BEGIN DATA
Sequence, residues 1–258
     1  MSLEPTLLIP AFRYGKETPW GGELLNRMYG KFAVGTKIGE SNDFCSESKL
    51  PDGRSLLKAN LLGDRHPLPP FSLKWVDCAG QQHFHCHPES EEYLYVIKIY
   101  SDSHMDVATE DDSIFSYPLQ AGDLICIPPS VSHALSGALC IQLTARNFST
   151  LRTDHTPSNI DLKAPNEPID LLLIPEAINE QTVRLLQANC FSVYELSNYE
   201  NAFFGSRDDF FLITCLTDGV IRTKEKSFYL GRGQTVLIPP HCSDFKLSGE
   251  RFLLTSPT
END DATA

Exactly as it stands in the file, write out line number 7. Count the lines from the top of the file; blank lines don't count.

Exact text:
   251  RFLLTSPT